Contributor: The Jackson Laboratory, 600 Main Street, Bar Harbor, ME 04609-1500.


  1. Cooper HS, Murthy SNS, Shah RS, and Sedergran DJ: Clinicopathologic study of dextran sulfate sodium experimental murine colitis. Lab Inv 69:238-249, 1993.
  2. Sundberg JP, Elson CO, Bedigian H, and Birkenmeier EH: Spontaneous, heritable colitis in a new substrain of C3H/H3J mice. Gastroenterol 107:1726- 1735, 1994.
  3. Crawford JM: The Gastrointestinal tract, in Pathologic basis of disease. Cotran RS, Kumar V, Robbins SL editors. 5th edition, W.B. Saunders, 1994.


Case II - HM952025 (AFIP 2507863)

Liver from a Syrian hamsters. Note the accentuated lobular pattern. (17K)

Swollen, pale, pitted kidneys from a Syrian hamster. (17K)

Hepatic amyloidosis in a Syrian hamster (40X, Congo Red, 88K)

Signalment: 1-year-old female Syrian hamster

History: This was a sentinel animal, that was noted to have ocular discharge from the right eye. She was submitted for a total health status work-up.

Gross Pathology: The hamster was severely dehydrated, with moderate body fat stores. She had scant ocular discharge from both eyes. The liver had an accentuated lobular pattern with pale centrilobular zones. Both kidneys were diffusely pale, firm, with a granular pitted cortical surface. The left atrium was distended with a chronic thrombus.

Laboratory Results: Urinalysis (multistix strip applied against the mucosa of the empty urinary bladder): Ketones = 80 mg/dL, specific gravity = 1.030. Bacterial culture of conjunctival sac recovered Staphylococcus hyicus and Streptococcus suis.


Contributor's Diagnosis and Comments: Liver: Amyloidosis, diffuse, moderate, portal and periportal, Syrian Hamster. Etiology: Secondary amyloidosis.

Amyloidosis is an important cause of morbidity and mortality in Syrian hamsters. It's incidence is highest in female hamsters older than 18 months. The incidence is apparently genetically influenced, with marked variations recorded among different colonies. Liver, kidneys, spleen, and adrenal glands are the organs most often involved. In the liver, amyloid deposits first within vascular walls and portal areas. With time, amyloid fills the portal area and fingers out into the adjacent parenchyma, causing accentuation of the lobular pattern which can be seen grossly. In the kidneys, amyloid deposits primarily within glomeruli, along basement membranes and within mesangium.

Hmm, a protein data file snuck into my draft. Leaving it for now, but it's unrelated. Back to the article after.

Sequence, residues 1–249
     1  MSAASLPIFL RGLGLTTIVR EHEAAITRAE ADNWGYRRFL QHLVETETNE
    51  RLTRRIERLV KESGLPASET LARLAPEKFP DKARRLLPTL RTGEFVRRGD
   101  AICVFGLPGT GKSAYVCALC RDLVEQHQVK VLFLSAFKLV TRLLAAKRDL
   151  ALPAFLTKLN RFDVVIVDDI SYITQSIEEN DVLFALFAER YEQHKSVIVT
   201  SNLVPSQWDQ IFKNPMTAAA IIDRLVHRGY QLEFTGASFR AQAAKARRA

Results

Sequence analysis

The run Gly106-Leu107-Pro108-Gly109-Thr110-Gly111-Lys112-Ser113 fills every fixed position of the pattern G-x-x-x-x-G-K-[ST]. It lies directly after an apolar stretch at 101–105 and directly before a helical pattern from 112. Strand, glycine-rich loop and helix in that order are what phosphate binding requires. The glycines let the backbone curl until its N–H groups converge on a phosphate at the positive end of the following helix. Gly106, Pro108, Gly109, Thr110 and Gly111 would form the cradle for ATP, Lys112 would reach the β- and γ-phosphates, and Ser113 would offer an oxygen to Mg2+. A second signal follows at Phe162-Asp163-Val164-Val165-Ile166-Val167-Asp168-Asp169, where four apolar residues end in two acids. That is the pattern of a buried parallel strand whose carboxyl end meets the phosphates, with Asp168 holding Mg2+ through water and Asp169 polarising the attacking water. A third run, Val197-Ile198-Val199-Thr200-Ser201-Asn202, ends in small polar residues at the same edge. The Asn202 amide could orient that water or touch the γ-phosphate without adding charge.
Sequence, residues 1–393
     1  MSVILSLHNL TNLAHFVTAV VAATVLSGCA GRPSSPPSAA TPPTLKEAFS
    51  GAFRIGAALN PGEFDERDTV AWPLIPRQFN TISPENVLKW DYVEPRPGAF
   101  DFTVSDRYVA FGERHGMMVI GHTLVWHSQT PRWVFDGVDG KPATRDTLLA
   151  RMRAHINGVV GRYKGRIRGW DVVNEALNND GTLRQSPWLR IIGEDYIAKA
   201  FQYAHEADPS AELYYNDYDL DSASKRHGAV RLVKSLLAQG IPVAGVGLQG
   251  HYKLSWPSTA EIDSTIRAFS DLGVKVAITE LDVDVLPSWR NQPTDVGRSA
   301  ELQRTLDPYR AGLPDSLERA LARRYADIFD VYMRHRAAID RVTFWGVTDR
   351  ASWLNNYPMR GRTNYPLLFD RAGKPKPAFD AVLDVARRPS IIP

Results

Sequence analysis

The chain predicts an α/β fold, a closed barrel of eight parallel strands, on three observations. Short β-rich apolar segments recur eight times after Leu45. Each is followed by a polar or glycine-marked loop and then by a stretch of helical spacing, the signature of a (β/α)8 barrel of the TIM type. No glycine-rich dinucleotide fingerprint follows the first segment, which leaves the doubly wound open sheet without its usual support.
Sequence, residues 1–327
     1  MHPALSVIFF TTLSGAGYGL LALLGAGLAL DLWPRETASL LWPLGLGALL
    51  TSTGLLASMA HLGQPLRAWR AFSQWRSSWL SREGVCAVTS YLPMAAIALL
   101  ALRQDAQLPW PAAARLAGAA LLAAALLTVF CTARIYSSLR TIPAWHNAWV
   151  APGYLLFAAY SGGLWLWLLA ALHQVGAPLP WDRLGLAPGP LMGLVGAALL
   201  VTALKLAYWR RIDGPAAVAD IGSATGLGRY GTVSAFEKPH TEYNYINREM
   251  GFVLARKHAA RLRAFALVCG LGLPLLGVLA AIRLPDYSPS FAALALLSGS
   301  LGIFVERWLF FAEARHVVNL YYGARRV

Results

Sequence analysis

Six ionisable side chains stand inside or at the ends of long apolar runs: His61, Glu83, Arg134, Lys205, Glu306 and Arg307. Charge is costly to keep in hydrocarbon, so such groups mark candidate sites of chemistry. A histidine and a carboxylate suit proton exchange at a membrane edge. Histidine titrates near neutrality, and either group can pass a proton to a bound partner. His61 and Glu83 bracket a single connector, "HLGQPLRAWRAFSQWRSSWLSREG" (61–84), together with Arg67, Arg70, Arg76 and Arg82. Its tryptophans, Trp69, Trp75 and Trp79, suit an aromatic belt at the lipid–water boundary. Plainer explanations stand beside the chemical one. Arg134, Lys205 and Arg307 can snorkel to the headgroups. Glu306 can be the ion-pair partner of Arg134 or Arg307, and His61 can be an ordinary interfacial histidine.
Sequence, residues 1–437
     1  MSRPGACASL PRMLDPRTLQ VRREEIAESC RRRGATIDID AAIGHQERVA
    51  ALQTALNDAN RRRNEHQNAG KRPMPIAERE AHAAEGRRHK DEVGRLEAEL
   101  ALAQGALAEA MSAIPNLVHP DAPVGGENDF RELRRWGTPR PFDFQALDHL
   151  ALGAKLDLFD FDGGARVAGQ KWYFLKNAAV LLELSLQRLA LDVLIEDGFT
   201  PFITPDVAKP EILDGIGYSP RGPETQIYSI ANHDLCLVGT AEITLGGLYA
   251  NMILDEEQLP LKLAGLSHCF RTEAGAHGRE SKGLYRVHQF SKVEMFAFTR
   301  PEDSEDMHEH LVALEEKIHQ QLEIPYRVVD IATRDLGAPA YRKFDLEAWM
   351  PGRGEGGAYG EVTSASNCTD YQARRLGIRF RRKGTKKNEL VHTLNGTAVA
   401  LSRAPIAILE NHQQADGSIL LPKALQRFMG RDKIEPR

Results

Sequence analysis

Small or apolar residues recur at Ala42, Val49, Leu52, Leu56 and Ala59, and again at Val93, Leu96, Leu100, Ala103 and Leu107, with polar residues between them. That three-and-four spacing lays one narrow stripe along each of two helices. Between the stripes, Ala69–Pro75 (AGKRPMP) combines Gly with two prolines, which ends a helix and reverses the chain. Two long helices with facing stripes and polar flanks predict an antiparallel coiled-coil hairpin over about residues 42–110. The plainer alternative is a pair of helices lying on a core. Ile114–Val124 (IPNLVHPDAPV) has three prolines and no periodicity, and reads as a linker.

Hamster female protein (FP), a sex-limited protein which in Syrian females is found in the serum at 100 fold increased concentration over that of intact males (with castrated males having intermediate levels), is likely one factor to explain the increased incidence of amyloidosis in females. FP is structurally homologous with human C reactive protein, and hamster amyloid deposits are enriched with FP. Hamster amyloid fibrils are composed of AA protein (derived from serum amyloid A which is induced by the variety of inflammatory cytokines) and it is believed that FP may promote fibrillogenesis and/or stabilize and protect fibrils once they are formed.

Diet can also influence the incidence of amyloidosis in Syrian hamsters. Female Syrian hamsters fed a semi-purified diet had increased longevity and decreased incidence of amyloidosis compared to those fed a commercial diet. Consumption of a high protein diet is also associated with increased incidence of amyloidosis.

Amyloidosis of Syrian hamsters is considered a valuable model of human secondary amyloidosis.

AFIP Diagnosis: Liver: Amyloidosis, portal and centrilobular, bridging, diffuse, moderate, with bile duct hyperplasia, Syrian hamster, rodent.

Conference Note: Amyloid is a protein substance that accumulates in the extracellular spaces of many organs in association with different disease processes. Ultrastructurally amyloid is made up of fibrils of indefinite length with a diameter of 7.5 to 10 nm. The fibrils form a beta-pleated sheet (this conformation confers birefringence under polarized light). There is always a second component, the P component, present within the amyloid; ultrastructurally it appears as a pentagonal doughnut-shaped structure. Fifteen different types of amyloid protein have been identified, of these two protein types are more common: amyloid light chain (AL) protein and amyloid-associated (AA) protein.

Amyloid light chain protein is formed from immunoglobulin light chains (predominantly lambda light chains) and is associated with plasma cell dyscrasia. When amyloidosis occurs in conjunction with immunocyte dyscrasia it is known as primary amyloidosis.